Compare OpenStack Hosting
If your business is interested in creating its own cloud storage or computing center, OpenStack is probably on your list of tech to review. In this article we’ll explain what you’ll need and recommend the best hosting providers for this application.
OpenStack lets you create your own “clouds” on the internet. With it, you can distribute computing, storage, and networking over any number of computers from a single interface. Making OpenStack work will require that you have fairly technical knowledge. Make sure any host you use doesn’t have a problem with OpenStack.
You can read a detailed breakdown of each host later in this article, but if you’re in a hurry, here’s a preview of the best 5 hosts for OpenStack:
- LiquidWeb – Good VPS plans with “heroic support”
- Rackspace Cloud
How Did We Pick the Best Hosts for OpenStack?
We’ve reviewed over 380 hosting providers along with 1,500+ hosting plans and selected the ones which meet all the technical requirements for running OpenStack. We then shortlisted the hosts which offer the highest levels of customer service.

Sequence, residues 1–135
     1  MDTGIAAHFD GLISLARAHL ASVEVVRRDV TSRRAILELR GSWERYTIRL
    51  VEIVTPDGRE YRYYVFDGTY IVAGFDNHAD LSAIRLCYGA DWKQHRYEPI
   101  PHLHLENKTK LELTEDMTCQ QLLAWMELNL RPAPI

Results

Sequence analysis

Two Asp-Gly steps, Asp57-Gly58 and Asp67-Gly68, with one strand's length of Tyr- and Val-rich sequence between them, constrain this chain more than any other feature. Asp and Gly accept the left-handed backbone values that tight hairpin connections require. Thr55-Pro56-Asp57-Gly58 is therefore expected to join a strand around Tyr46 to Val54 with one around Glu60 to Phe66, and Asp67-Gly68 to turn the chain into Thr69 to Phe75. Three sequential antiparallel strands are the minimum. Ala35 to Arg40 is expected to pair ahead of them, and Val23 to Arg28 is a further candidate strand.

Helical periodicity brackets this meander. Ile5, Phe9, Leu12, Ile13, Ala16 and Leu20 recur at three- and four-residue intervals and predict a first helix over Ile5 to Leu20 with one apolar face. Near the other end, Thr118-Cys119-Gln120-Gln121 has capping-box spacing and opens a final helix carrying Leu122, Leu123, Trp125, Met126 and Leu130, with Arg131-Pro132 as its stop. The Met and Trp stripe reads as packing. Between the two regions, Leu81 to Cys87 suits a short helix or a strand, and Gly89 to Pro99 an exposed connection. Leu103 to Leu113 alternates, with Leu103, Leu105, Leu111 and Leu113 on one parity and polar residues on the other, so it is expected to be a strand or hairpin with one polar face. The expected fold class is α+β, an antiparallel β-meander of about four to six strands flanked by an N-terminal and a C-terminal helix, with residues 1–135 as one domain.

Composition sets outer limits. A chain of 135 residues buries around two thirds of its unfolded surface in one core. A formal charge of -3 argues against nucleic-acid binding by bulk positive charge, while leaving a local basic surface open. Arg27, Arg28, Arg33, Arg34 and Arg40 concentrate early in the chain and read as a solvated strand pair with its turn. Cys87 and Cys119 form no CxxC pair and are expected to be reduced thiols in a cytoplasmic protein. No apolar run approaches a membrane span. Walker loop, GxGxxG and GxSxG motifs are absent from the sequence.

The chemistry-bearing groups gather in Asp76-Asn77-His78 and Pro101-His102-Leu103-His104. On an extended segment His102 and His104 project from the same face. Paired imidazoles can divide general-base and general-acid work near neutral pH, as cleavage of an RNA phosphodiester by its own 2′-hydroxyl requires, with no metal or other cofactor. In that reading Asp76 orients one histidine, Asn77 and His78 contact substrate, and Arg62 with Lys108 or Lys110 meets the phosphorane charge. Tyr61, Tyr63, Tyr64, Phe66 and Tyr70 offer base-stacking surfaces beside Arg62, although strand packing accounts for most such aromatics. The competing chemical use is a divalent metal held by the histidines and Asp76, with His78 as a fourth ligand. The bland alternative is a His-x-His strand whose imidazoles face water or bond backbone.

Lastly, we used our enormous database of over 1 million words of genuine customer reviews to identify the top 10 hosts for OpenStack.
What is OpenStack?
OpenStack is a system for creating clouds. It provides a single interface to allow the user to distribute computing, storage, and networking over a number of computers.
What is different about OpenStack is that it is an open source solution that allows individuals and groups to create their own clouds.
This is important because in the past, when companies wanted to create their own clouds, they had two choices. Some, like Twitter, built their own clouds. Most, however, chose to use other company’s proprietary clouds. For example, Pinterest uses Amazon Simple Storage Service (S3) for all its storage needs.
While Amazon’s cloud computing options make heavy use of Linux, as the rest of the web hosting industry does, OpenStack is completely open source. You’re not stuck with anyone’s service. You can use a public cloud while being able to set up your own private clouds if you want.
You can mix and match different components: computing, storage, networking, whatever you want. It’s like cloud computing Lego.